This is a multi-part step:

a) Locate a table from the web that has area code data associated with a state ID (while fending off parasitic scammers).
b) Clean up the table as necessary.
c) Do a lookup from the phone call data that adds in the state where the call originated from.

Strata can really cut down the amount of time spent on this step. Because of the website used, the folks at Juice surely had to create his lookup table manually. I went to Delicious, searched for “area codes” and found this very useful website, which had all the data in a nice HTML table. With Strata, I simply right-clicked and selected “Import Data” and immediately had the table I needed for the lookup.

Finally, I created a relationship between my two tables and dragged in the state codes (e.g., CA, IL, NY, etc.) into the phone call data.

3. Create a summary data set

This was done using a pivot table in Excel. Strata doesn’t have classic pivot tables in its feature set at this point, but it does have a nice li’l grouping utility. So, once I knew what csv format was required for the Mapeteria web service, I grouped the data accordingly.

4. Create colorized map the of U.S.

This is the “almost perfect” part I referred to above.

Though Mapeteria is a very cool visualization service using Google Maps, it needs to fetch a CSV file embedded in a URL from elsewhere on the web. If the service was able to accept data via a POST command (or something like an “Upload Data” button), Strata would have been able to just take the table we created and push it to the web service, no csv transformation required (in fact, we’ve got some stuff cooking in our labs that would make this as easy as copy and paste). And, if we were just able to push the data out like this, we would have immediately gotten the map without ever leaving our data browser.

But, like Zach at Juice, I had to save the file in a CSV format and then upload it to a server before I was able to get my map. Here’s a screencast of the entire process… once I found the area code data on the web, it took less than 5 minutes to get my map.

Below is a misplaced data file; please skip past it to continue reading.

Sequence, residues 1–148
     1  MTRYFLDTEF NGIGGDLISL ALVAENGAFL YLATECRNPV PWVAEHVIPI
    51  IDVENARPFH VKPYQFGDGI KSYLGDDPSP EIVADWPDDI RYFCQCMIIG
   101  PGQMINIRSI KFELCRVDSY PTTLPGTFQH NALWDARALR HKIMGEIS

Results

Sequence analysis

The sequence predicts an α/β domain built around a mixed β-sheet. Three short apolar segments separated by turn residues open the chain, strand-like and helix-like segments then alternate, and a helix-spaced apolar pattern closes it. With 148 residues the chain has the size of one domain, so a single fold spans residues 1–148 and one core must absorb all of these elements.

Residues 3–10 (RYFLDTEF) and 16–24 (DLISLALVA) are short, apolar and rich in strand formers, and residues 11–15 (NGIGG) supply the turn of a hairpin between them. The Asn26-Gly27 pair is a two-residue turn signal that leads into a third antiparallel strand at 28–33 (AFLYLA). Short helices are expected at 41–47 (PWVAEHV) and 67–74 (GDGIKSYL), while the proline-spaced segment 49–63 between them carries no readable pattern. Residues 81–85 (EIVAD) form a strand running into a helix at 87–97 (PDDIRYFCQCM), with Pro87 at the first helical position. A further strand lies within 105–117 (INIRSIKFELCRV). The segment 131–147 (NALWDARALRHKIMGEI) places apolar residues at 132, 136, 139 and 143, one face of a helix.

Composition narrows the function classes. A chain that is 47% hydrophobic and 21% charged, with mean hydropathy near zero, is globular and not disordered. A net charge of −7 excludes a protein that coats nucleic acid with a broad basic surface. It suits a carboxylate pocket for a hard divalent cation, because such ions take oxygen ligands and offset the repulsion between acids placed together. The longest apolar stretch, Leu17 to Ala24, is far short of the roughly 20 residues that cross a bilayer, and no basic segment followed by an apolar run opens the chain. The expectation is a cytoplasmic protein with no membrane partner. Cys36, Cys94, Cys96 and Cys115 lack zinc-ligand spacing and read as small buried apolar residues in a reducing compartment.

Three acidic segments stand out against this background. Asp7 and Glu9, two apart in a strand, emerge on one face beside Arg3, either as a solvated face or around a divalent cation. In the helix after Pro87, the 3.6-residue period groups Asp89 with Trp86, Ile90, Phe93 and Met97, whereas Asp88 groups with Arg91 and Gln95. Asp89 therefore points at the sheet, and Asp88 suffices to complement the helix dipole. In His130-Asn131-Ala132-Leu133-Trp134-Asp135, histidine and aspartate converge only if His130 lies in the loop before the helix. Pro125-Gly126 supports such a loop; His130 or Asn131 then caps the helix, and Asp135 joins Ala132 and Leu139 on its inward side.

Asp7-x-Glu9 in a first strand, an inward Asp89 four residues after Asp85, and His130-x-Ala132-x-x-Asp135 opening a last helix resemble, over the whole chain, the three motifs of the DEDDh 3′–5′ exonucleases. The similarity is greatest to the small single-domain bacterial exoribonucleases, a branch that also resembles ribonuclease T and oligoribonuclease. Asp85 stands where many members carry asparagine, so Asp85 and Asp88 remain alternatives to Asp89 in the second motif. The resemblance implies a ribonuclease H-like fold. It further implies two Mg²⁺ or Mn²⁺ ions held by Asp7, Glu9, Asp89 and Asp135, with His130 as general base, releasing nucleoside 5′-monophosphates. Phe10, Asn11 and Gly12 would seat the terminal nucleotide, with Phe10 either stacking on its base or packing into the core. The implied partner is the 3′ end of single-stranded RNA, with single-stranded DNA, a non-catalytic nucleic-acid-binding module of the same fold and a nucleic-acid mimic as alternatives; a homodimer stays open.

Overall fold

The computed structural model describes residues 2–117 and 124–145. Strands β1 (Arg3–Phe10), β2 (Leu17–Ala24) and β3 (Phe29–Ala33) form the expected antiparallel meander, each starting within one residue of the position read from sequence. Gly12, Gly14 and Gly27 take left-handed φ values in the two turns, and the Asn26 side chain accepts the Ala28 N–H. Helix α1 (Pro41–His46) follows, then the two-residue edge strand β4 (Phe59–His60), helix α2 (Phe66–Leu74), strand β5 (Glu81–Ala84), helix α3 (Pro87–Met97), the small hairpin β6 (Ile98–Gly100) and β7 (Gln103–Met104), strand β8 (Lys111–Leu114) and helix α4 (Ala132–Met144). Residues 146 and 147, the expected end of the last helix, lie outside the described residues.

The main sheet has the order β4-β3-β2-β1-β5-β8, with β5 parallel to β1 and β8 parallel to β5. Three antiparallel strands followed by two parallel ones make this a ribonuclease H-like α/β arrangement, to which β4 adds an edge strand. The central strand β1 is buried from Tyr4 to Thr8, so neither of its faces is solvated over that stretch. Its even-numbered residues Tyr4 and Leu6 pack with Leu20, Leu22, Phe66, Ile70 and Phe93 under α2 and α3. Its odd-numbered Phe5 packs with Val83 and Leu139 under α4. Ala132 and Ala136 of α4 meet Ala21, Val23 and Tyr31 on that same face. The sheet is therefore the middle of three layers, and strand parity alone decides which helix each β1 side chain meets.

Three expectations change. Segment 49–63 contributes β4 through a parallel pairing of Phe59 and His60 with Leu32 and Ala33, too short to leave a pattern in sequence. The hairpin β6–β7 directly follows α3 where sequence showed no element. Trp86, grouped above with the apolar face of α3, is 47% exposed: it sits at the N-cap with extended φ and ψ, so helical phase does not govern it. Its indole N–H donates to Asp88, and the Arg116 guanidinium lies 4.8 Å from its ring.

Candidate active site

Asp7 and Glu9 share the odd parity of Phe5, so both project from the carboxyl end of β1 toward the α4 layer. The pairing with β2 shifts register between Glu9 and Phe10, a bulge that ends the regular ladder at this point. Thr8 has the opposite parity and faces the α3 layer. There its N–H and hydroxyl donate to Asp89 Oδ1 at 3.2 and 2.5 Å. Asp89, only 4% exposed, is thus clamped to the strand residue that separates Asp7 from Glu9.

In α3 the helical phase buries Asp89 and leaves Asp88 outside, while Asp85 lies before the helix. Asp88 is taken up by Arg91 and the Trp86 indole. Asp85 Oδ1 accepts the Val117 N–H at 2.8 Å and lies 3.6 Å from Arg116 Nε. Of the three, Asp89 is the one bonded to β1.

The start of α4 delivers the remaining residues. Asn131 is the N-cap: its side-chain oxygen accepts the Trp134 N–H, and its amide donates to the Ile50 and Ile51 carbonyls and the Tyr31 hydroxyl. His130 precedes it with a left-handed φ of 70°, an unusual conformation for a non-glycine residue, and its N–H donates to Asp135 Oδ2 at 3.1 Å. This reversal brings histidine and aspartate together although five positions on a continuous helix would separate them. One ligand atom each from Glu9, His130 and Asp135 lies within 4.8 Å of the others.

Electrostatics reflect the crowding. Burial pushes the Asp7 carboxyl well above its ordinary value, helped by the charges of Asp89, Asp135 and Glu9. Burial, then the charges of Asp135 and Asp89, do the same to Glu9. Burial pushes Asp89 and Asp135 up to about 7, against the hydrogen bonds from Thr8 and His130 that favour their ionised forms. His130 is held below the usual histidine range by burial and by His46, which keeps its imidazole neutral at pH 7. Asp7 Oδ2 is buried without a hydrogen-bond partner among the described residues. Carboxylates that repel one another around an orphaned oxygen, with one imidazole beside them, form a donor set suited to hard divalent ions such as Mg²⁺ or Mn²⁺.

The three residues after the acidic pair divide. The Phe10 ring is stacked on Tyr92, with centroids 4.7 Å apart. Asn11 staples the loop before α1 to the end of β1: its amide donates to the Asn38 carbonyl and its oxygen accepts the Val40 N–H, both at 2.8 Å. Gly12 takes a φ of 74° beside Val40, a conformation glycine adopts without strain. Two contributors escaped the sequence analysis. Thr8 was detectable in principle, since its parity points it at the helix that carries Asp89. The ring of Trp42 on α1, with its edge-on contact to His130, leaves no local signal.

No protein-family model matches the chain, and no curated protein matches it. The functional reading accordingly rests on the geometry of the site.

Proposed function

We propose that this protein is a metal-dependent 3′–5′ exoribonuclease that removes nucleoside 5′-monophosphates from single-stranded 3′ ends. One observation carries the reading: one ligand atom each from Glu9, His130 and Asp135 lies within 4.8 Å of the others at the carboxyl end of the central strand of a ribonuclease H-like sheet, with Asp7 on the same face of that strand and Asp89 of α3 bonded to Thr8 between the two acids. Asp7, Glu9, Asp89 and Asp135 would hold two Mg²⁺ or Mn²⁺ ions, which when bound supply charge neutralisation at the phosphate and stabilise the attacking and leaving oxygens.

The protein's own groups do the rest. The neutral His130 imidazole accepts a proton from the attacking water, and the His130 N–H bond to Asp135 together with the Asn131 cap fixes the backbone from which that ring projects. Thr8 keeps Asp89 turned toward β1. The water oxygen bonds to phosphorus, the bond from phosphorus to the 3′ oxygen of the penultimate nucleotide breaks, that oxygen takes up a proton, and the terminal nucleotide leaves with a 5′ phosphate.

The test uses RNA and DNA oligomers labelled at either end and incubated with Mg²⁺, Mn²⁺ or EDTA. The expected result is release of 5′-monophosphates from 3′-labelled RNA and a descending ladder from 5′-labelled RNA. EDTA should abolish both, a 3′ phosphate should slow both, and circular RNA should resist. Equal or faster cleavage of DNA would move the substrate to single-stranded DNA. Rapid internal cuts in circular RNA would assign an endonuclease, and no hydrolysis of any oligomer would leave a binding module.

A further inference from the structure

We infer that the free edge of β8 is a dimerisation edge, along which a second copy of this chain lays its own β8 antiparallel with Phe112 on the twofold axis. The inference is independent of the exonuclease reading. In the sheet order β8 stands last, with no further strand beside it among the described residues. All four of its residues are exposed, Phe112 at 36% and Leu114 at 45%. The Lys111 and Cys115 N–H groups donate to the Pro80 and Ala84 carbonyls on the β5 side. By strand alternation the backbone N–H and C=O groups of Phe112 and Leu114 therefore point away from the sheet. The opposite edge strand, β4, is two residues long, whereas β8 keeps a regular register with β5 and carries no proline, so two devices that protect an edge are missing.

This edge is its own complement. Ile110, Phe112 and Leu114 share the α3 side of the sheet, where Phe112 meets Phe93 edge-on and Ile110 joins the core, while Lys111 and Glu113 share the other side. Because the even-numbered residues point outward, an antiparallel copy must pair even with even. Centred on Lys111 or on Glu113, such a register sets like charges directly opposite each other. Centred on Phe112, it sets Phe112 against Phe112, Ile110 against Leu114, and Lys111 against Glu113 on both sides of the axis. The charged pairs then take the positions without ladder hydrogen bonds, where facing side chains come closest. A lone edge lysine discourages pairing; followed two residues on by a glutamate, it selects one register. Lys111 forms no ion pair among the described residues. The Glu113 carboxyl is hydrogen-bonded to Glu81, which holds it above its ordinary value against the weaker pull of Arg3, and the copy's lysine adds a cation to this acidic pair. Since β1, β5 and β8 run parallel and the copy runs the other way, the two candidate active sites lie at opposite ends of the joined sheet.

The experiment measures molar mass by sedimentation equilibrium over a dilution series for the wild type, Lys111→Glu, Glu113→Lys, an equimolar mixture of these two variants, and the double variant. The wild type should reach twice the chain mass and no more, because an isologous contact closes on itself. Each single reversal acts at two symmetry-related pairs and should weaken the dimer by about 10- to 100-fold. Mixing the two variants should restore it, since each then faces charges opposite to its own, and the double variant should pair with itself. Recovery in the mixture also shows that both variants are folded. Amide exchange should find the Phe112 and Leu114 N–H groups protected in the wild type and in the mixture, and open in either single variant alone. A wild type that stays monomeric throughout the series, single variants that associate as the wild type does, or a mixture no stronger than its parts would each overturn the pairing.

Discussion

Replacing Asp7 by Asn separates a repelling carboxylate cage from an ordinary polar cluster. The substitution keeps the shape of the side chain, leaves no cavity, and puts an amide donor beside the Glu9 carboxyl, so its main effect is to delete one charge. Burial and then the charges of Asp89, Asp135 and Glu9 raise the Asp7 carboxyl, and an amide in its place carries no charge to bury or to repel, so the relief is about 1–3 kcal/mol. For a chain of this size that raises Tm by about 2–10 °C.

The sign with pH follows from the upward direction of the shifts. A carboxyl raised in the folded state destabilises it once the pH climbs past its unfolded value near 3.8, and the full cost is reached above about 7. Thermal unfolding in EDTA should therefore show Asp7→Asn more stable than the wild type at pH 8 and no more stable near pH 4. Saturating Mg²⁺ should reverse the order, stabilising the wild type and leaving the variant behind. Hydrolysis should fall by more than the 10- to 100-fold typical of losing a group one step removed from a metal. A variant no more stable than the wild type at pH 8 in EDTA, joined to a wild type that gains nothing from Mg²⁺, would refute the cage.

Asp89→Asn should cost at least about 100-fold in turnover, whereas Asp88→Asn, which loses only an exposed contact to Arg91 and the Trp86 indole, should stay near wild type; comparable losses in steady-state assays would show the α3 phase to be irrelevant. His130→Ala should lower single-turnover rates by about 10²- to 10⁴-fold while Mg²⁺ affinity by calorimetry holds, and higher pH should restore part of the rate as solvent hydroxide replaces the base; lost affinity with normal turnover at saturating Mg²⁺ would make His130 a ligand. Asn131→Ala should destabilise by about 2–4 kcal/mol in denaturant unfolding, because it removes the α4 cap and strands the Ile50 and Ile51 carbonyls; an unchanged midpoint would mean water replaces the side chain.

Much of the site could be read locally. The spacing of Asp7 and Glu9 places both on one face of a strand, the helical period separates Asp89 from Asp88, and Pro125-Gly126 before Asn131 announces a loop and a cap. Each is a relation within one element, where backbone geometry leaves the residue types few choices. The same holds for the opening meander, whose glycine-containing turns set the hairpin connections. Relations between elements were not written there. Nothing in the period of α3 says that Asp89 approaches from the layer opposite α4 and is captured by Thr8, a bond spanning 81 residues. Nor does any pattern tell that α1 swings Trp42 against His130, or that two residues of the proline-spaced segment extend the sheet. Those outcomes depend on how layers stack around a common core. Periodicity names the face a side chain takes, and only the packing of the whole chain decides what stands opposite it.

(And here’s an embeddable YouTube version…)

If anyone wants to try this process out for themselves, please feel free to download Strata and give it a try. This data browser is in beta and completely free to use; we’re also giving away free full licenses to anyone who provides feedback during the beta period. Oh, and here is the sample phone call volume data I used for this exercise:

This is a pretty simple example of how Strata can be used for ad hoc data access and manipulation with data from the web (or, as one can imagine, within a corporate intranet) and make this kind of analysis very efficient. Throw in some web services, web APIs or very large files into the mix, and you’ve got the chance to do some fairly interesting things.

As always, if anyone has any questions, either post in the comments below on in our support forums… or just shoot us a support email. Thanks!

Embedded phpBB Search Terms within Apache Web Logs

Friday, August 24th, 2007

This afternoon I was doing some analysis on our web logs and thought it may make for a good screencast and blog post. We currently use a combination of AWstats and Google Analytics for our web stats but are increasingly using Kirix Strata™ to dig deeper into the raw web logs for the more customized things that aren’t readily available otherwise.